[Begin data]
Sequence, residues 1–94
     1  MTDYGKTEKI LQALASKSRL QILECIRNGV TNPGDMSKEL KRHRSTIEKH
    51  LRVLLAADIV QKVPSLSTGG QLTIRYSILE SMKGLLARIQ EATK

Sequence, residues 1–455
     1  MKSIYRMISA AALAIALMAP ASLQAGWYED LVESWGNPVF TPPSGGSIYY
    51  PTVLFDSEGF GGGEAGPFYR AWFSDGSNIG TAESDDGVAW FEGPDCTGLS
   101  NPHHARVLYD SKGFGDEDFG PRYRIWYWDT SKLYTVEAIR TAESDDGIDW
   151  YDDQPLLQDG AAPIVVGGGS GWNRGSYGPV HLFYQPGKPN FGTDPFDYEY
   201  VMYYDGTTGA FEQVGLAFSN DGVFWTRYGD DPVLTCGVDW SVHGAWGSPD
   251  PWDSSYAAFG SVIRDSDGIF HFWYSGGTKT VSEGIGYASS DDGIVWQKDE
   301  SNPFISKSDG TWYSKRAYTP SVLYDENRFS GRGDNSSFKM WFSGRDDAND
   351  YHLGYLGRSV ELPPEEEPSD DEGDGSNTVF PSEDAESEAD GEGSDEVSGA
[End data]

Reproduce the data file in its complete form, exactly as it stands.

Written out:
Sequence, residues 1–94
     1  MTDYGKTEKI LQALASKSRL QILECIRNGV TNPGDMSKEL KRHRSTIEKH
    51  LRVLLAADIV QKVPSLSTGG QLTIRYSILE SMKGLLARIQ EATK

Sequence, residues 1–455
     1  MKSIYRMISA AALAIALMAP ASLQAGWYED LVESWGNPVF TPPSGGSIYY
    51  PTVLFDSEGF GGGEAGPFYR AWFSDGSNIG TAESDDGVAW FEGPDCTGLS
   101  NPHHARVLYD SKGFGDEDFG PRYRIWYWDT SKLYTVEAIR TAESDDGIDW
   151  YDDQPLLQDG AAPIVVGGGS GWNRGSYGPV HLFYQPGKPN FGTDPFDYEY
   201  VMYYDGTTGA FEQVGLAFSN DGVFWTRYGD DPVLTCGVDW SVHGAWGSPD
   251  PWDSSYAAFG SVIRDSDGIF HFWYSGGTKT VSEGIGYASS DDGIVWQKDE
   301  SNPFISKSDG TWYSKRAYTP SVLYDENRFS GRGDNSSFKM WFSGRDDAND
   351  YHLGYLGRSV ELPPEEEPSD DEGDGSNTVF PSEDAESEAD GEGSDEVSGA